In the most recent quarter, revenue climbed 28% year over year. Advertisers continue to spend money on Facebook because users are remaining engaged: Both daily active users and monthly active users were up 8% last quarter.  

The only drawback has been the slump in profits as the company addresses privacy concerns. Higher spending took its toll on the company's operating margin, which was 27% last quarter, down from 44% in the year-ago quarter. 

Analysts expect earnings to be $6.36 per share this year, but earnings are expected to rebound to $9.51 next year, reflecting the expectation that the slump in profitability is temporary and will reverse itself once the company gets through the near-term spending cycle.

Looking further out, management is excited about new growth opportunities, including the integration of commerce and payments across Facebook's platforms, which could be a very lucrative endeavor. One analyst has estimated that the "checkout with Instagram" feature could add $10 billion to Facebook's revenue by 2021. 

Payments and commerce will be just the beginning of Facebook's ambitions to make its impact on the world of finance. The social networking giant recently announced a collaboration with 27 other organizations to work on a new cryptocurrency called Libra, which is another moonshot opportunity to go along with the company's investments in augmented and virtual reality. 

Libra has given people even more reason to scrutinize Facebook, so it's unclear whether it will ever amount to anything. But the main takeaway for investors is that Facebook is continuing to look for ways to leverage its massive user base, currently about one-third of the world's population and still growing. The powerful network effect is the main reason why Facebook is a stock worth considering.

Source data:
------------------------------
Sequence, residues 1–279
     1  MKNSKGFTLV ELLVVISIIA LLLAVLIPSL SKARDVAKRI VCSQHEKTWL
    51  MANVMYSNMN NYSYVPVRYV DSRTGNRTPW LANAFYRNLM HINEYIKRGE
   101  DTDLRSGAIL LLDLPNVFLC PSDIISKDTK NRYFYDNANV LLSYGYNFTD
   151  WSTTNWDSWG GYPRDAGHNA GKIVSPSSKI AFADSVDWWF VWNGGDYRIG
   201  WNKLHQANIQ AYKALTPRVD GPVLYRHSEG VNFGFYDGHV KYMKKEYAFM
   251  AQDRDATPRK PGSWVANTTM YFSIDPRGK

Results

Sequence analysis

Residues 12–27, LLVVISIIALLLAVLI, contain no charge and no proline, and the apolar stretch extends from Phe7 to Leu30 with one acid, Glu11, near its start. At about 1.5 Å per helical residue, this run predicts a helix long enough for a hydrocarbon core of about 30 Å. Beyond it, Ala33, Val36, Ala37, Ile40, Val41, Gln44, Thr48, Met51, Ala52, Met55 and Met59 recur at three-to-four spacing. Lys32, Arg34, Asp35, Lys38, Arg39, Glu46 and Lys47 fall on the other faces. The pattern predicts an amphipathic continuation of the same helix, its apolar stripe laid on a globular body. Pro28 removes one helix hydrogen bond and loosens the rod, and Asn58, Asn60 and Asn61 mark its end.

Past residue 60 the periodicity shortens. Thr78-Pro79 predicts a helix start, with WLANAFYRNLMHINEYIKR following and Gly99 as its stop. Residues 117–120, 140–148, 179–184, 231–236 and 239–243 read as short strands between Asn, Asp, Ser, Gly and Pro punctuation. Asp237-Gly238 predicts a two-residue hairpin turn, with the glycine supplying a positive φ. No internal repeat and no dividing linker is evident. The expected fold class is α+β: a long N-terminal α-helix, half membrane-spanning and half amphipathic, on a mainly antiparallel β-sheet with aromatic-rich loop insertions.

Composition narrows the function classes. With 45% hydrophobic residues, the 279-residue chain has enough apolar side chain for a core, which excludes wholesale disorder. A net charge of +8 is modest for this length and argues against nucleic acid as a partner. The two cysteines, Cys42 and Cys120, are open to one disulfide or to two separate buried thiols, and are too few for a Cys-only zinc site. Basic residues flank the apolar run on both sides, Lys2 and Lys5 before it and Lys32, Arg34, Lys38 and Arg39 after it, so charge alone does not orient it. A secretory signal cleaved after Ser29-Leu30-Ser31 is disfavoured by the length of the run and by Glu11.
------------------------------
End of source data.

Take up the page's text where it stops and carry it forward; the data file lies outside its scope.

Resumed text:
Which is the better buy?

Before I declare which is the better buy, let's first check the two stocks' valuations. MercadoLibre is growing much faster, but it's more expensive, as you can see in this table:

Metric MercadoLibre Facebook
Market capitalization $30.3 billion $517 billion
Forward P/E 276.6 19.1
Price/sales ratio 16.8 8.26
PEG ratio 24.8 1.27
Price/free cash flow 168.1 29.3

Learn about the PEG ratio here. Data source: Yahoo Finance! and YCharts.

It's difficult to recommend MercadoLibre stock after such a fast rise this year. MercadoLibre has a long growth runway given that e-commerce sales make up only 4.2% of total retail sales in Latin America. That's less than half the penetration rate of the U.S. But I would wait for the stock to cool off a bit before diving in.

In the meantime, Facebook offers good growth prospects at a relatively low valuation. I would buy Facebook for now and keep MercadoLibre on your watch list.

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Randi Zuckerberg, a former director of market development and spokeswoman for Facebook and sister to its CEO, Mark Zuckerberg, is a member of The Motley Fool's board of directors. John Ballard has no position in any of the stocks mentioned. The Motley Fool owns shares of and recommends Facebook and MercadoLibre. The Motley Fool has a disclosure policy.

This article was originally published on Fool.com